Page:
An important goal of studying cancer genomics is to identify critical pathways that, when perturbed by somatic genomic alterations (SGAs) such as somatic mutations, copy number alterations and epigenomic alterations, cause cancers and underlie different clinical phenotypes. In this study, we present a framework for discovering perturbed signaling pathways in cancers by integrating genome alteration data and transcriptomic data from the Cancer Genome Atlas (TCGA) project. Since gene expression in a cell is regulated by cellular signaling systems, we used transcriptomic changes to reveal perturbed cellular signals in each tumor. We then combined the genomic alteration data to search for SGA events across multiple tumors that affected a common signal, thus identifying the candidate members of cancer pathways. Our results demonstrate the advantage of the signal-oriented pathway approach over previous methods.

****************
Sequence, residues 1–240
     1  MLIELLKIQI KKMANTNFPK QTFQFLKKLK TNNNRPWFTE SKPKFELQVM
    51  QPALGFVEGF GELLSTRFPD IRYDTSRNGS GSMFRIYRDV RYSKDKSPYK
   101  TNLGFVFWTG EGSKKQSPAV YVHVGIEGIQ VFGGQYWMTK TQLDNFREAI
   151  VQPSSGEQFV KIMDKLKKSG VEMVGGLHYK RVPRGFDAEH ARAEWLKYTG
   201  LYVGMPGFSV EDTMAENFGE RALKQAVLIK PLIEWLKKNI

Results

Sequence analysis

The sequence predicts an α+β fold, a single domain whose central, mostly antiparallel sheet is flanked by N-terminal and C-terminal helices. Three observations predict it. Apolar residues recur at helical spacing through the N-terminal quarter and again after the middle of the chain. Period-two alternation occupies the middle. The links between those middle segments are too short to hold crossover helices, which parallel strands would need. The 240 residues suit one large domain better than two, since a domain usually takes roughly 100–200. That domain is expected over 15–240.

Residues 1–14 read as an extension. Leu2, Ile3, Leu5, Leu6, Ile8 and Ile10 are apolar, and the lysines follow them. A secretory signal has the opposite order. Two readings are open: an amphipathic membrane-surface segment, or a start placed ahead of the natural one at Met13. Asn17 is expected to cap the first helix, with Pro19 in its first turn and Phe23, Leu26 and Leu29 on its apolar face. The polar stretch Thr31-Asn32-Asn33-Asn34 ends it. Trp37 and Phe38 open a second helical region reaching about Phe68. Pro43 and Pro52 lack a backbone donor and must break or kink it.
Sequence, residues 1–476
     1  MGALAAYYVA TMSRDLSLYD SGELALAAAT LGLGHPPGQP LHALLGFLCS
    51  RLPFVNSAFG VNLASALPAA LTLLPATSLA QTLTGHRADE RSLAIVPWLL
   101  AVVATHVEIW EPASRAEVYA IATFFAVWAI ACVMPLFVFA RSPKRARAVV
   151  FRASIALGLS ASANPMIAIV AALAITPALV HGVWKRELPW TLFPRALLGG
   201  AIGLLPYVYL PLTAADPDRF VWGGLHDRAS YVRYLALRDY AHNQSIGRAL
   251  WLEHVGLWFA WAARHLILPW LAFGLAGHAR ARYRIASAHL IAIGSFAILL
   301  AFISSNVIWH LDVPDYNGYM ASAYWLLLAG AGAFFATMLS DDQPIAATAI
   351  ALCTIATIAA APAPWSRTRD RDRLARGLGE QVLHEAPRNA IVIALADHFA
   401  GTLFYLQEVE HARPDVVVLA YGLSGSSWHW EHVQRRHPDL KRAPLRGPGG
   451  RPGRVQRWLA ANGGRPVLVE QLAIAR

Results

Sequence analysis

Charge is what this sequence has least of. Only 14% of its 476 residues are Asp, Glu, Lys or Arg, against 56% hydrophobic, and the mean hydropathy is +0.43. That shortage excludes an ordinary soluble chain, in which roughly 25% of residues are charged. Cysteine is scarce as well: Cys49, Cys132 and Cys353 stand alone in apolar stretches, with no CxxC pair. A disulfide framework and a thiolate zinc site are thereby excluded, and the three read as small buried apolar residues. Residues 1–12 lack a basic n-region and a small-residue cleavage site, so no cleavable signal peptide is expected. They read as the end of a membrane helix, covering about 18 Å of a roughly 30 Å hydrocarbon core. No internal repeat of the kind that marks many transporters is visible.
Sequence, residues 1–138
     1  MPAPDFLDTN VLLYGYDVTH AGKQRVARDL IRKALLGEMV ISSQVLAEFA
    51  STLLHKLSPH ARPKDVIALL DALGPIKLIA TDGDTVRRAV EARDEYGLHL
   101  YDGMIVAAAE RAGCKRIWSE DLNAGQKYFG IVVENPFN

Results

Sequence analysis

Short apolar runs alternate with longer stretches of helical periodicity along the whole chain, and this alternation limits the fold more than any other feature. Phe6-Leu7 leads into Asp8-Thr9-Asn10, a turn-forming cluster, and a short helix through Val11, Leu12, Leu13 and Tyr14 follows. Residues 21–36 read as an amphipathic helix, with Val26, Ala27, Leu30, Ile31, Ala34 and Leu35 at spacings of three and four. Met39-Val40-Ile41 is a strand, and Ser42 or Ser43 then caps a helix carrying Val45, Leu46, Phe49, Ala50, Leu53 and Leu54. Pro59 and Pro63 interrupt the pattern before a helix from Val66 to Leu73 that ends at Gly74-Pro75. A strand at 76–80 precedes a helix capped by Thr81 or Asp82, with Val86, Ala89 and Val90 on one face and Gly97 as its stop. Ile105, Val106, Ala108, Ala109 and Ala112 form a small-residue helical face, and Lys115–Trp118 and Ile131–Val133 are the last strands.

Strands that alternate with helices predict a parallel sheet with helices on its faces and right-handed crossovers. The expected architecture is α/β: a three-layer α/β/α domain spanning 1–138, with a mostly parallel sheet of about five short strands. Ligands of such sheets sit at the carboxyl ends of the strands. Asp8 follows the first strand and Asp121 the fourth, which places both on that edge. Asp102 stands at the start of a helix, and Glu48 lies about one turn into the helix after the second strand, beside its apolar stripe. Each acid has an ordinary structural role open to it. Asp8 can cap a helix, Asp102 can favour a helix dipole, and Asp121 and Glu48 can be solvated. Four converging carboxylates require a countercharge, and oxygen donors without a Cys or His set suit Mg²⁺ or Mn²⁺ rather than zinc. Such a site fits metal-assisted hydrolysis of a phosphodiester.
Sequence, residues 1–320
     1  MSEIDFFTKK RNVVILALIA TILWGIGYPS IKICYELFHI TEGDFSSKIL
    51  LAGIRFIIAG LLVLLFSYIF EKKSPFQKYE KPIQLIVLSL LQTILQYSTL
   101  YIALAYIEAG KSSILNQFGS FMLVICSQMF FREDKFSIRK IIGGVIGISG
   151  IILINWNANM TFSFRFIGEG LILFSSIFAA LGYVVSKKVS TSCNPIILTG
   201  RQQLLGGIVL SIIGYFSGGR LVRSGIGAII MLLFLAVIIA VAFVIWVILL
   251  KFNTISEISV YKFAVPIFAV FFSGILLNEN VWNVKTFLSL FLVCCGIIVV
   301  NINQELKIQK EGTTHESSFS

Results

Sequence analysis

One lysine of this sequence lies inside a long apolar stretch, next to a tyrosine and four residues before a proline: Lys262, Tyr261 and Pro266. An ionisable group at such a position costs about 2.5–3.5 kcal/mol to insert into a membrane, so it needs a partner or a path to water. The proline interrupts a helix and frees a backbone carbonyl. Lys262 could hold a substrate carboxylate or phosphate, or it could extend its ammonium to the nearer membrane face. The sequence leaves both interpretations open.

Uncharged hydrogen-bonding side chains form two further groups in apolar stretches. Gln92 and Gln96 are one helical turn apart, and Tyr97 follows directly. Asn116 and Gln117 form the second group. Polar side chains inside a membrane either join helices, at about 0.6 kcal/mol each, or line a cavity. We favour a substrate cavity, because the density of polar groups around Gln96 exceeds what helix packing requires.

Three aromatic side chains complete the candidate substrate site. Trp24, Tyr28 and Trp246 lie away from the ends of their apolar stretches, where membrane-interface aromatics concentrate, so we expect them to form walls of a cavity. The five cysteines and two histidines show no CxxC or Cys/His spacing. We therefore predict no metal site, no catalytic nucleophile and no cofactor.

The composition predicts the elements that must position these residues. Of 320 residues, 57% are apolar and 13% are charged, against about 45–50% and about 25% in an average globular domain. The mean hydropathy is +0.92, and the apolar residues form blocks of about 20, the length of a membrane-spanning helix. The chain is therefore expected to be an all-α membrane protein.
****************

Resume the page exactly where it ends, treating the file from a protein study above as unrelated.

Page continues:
Somatic genome alterations (SGAs) such as somatic mutations, somatic copy number alterations and epigenomic alterations are major causes of cancers[13]. In general, SGAs in a tumor can be divided into two types: those that affect cellular signaling proteins, perturb the cellular signaling system, and eventually contribute to cancer initiation and progression are called driver SGAs; and those that do not directly contribute to cancer development are designated as passenger SGAs. A fundamental problem of cancer-genome research is to identify signaling pathways that, when perturbed by driver SGAs, lead to cancer development or affect clinical outcomes for patients. Identification of such pathways will not only advance our understanding of the disease mechanisms underlying cancer, but will also provide guidance for the precision treatment of cancer patients.